Lead Finder uses a stochastic ligand sampling workflow, with conformations generated on-the-fly, and a genetic algorithm for processing these into pools of the best docking poses. Multiple interaction grids are generated from the protein target and combined to define a scoring system for poses. More importantly, the scoring method has been shown to outperform some of the more conventional docking engines currently available commercially.


Structure-based or ligand-based?

What are the advantages of having structure-based and ligand-based virtual screening?  And how do we choose which is the best approach for a project?

Ligand-based virtual screening is less computationally intensive, making it a preferred option when there is a known ligand available. An average protein of 400 amino acids has over 20,000 heavy atoms and 9,600 bonds and in excess of 50 charges, making it a more challenging system to model.

However, even when there is a known ligand there are some situations when a ligand-based virtual screening is not viable, such as when the known ligand does not exploit all the interactions available in an active site or when a protein has an unattractive orthosteric site and attractive allosteric sites with no known ligands. In these cases, we prefer to use a structure-based method.

In the case of protein-protein interaction sites and protein-DNA/RNA sites, Blaze can take DNA and protein fragments as a template in place of a ligand. However, it is useful to have a structure-based approach available for comparison.

In fact, we often find it useful to combine different virtual screening techniques. In lead discovery, one of the key requirements for virtual screening is to maximise the diversity of hits returned.  All virtual screening techniques, be they ligand-based or structure-based, are probabilistic techniques in that they may be used to increase the likelihood of getting hits from a wet screen. No technique guarantees to give absolute binding energies (at least not in the context of virtual screening on any realistic size of screening library), but they do give good rank ordering of compounds and can, therefore, be used as a means of selection and prioritisation.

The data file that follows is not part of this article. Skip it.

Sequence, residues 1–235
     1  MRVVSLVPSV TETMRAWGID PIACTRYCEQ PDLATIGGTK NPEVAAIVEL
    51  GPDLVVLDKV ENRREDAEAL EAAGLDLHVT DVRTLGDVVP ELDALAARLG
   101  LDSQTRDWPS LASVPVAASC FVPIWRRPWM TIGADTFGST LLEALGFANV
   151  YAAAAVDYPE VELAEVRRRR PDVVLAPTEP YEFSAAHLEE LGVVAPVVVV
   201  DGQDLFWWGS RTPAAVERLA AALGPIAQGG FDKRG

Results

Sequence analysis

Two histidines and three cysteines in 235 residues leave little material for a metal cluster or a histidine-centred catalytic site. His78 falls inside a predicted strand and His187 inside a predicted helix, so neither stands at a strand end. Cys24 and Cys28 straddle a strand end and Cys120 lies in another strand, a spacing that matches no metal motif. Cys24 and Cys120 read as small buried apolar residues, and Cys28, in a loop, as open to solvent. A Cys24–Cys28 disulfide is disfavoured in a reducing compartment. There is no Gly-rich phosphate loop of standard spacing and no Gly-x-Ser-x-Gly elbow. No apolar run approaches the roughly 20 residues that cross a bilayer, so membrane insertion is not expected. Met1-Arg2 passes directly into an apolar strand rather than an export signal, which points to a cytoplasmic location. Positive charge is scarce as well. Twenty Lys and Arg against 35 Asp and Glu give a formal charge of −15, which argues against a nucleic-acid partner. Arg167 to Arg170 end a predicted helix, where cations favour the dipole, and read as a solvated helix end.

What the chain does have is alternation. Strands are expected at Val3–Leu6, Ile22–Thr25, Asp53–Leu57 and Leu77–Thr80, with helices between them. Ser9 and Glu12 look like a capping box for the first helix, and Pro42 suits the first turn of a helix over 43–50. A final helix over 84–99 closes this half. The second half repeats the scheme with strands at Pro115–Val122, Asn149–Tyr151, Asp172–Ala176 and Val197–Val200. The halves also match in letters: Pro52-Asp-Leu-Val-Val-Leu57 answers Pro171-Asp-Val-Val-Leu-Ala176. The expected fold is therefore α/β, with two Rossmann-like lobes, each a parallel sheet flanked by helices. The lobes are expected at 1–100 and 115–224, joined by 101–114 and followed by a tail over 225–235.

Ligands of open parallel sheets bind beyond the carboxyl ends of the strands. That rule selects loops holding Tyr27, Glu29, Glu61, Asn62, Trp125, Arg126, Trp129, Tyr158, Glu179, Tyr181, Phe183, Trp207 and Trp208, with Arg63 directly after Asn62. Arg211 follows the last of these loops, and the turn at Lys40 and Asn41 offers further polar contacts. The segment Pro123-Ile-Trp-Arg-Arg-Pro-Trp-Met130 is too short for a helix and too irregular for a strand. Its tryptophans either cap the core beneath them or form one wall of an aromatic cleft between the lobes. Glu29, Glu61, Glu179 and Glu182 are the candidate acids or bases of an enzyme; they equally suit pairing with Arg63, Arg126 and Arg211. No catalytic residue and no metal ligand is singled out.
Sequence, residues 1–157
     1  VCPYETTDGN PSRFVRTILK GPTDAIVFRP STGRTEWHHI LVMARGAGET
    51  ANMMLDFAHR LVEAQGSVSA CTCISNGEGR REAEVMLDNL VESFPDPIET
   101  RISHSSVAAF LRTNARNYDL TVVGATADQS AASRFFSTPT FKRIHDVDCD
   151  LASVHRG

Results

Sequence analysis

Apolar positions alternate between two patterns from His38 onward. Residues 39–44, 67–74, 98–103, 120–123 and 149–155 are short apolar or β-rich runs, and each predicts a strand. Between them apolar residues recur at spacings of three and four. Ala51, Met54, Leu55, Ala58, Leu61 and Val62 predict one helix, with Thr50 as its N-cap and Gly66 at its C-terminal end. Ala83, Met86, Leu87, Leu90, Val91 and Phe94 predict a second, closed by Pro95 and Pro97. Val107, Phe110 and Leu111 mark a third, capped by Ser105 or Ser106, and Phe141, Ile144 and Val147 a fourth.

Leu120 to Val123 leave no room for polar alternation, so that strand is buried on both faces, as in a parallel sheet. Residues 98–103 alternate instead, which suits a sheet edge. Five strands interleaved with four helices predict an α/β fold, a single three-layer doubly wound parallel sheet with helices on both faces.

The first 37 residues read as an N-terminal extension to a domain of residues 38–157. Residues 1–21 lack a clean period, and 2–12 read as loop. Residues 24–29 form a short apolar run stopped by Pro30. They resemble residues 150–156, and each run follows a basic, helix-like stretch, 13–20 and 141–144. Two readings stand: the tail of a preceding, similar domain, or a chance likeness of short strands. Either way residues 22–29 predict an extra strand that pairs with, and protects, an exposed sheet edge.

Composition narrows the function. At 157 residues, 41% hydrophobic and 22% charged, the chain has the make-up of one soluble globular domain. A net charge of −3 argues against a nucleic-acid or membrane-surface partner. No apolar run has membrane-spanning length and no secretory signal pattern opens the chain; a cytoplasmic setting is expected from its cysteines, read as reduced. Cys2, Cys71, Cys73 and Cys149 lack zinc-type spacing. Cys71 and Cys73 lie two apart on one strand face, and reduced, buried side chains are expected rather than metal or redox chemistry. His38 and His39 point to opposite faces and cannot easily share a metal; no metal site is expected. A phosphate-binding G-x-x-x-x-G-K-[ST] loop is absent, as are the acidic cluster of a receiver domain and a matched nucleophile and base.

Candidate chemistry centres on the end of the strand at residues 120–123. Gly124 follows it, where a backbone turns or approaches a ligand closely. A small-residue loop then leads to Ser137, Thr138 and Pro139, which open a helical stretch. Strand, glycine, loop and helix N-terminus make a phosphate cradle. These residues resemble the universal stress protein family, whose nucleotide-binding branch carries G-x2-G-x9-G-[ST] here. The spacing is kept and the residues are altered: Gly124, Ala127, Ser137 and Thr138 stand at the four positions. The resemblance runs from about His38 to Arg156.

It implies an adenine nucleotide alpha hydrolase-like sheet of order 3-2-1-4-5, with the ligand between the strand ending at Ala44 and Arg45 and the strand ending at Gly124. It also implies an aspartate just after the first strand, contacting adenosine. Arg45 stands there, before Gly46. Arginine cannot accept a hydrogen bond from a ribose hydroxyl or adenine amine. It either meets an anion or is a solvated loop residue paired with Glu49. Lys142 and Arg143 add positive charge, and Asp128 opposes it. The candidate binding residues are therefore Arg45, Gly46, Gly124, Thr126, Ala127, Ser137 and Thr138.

Ligand-based techniques, whether 2D or 3D, are algorithmically distinct from structure-based techniques such as docking and, therefore, give different rankings to compounds. Different approaches return different hits and the results can be combined into an enriched final list.

Combining the results of structure-based and ligand-based techniques provides further diversity, leading to better hit rates and more interesting hits.

A one-stop shop for virtual screening

Through combining the strengths of Blaze in the ligand-based world with Lead Finder for docking, Cresset Discovery Services now has the most comprehensive virtual screening capabilities available anywhere in the industry. Both Blaze and Lead Finder are available to purchase as software or as a service through Cresset Discovery Services.

Cresset Discovery Services is truly now a one stop shop for virtual screening and indeed very much more.

Download a free evaluation of Lead Finder or access the Blaze demo server.